Anas Sarwar reaffirms support for oil tax proposals despite being labeled a ‘traitor’ by Aberdeen executives.

Anas Sarwar reaffirms support for oil tax proposals despite being labeled a ‘traitor’ by Aberdeen executives.

Anas Sarwar has dismissed criticism of Labour’s proposed oil tax, despite being accused of being a “traitor” by business leaders in Aberdeen.

The leader of the Scottish Labour party stated that they will continue to pursue their proposal for a windfall tax on oil profits worth billions, despite objections from over 800 executives in the oil, engineering, and business industries. These executives believe that the tax could result in the loss of 100,000 jobs in the North Sea region.

The Aberdeen-based newspaper, The Press & Journal, caused a stir among Labour officials when it featured photos of Sarwar, Keir Starmer, Rachel Reeves, and Ed Miliband under the headline “the traitors”. The background of the photo included an oil rig, highlighting the city’s status as the UK’s oil capital.

Starmer, Sarwar and Miliband met oil and engineering executives in Aberdeen several weeks ago seeking their support for Labour’s strategy to ramp up investment in low carbon energy and shift away from North Sea oil and gas.

During a lengthy address at the Scottish Labour conference, Sarwar consistently supported the windfall tax suggestion as a crucial step in addressing the current affordability crisis, as energy expenses have risen by 60% in the past two years.

He stated that it was crucial for Labour to focus on investing in the shift towards net zero, improving the UK’s struggling industrial and energy infrastructure, and providing a “British jobs bonus” to generate green employment opportunities.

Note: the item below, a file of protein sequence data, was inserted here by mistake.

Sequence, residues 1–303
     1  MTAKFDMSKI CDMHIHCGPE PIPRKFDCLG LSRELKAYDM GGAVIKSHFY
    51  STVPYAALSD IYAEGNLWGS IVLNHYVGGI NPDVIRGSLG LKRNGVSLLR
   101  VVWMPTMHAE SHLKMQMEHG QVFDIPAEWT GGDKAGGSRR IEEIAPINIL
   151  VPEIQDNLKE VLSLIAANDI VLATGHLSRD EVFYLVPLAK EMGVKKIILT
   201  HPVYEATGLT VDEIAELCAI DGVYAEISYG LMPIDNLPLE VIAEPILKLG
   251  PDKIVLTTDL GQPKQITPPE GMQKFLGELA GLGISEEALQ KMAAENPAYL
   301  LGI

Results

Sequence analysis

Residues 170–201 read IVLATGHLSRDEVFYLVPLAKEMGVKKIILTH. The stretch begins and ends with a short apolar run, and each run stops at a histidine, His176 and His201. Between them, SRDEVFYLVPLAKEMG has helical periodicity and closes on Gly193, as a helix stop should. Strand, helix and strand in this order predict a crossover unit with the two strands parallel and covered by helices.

Attacking the oil industry’s “record” £33bn profits last year, Sarwar told delegates one energy firm, British Gas, reported a tenfold increase in its profits on Thursday. “That’s why Labour will introduce a windfall tax to tackle the cost of living crisis,” he said.

Sarwar announced a significant departure from Labour’s previous approach under Corbyn, stating that the party’s goal is to drive economic progress by simplifying the planning process, revamping Scotland’s investment organizations, and fostering closer relationships with the business community.

He informed the delegates that our party is openly in favor of growth, business, and workers.

On Friday morning, Sarwar held a exclusive business breakfast for approximately 150 corporate leaders who were specially invited to attend his conference presentation.

Sarwar tried to shift focus onto the Scottish National Party by claiming they had abandoned their support for a windfall tax while simultaneously implementing higher taxes for individuals earning over £28,500. He stated, “They can no longer claim to be advocates for the working class in Scotland.”

According to his spokesperson, the party is engaged in strong discussions with the energy sector, but will not alter their plans. He emphasized that Scotland and the UK are facing a critical challenge: they must either strive to be a global pioneer in renewable energy or risk being surpassed by others.

Ignore advertisement for newsletter

The Labour party has started private discussions with officials from the Treasury last week to strategize for the implementation of a windfall tax in the event of winning the upcoming election.

A letter written by business leaders in north-east Scotland, which included the billionaire engineer Ian Wood, compared the potential effects of Labour’s windfall tax proposals to the forced shutdown of coal mines during Margaret Thatcher’s administration in the 1980s.

The Labour party suggests raising the energy profits levy by 3% to a total of 78%. According to a letter, this proposal is based on analysis from investment bank Stifel, which estimates that the increase would result in the loss of £20 billion in jobs for the Treasury.

Some opponents of the shift to net zero have expressed concern that it may have negative effects on communities reliant on oil. They argue that moving forward with these plans could result in up to 100,000 job losses, which would be the largest scale of redundancies since the pit closures in the 1980s, according to a letter.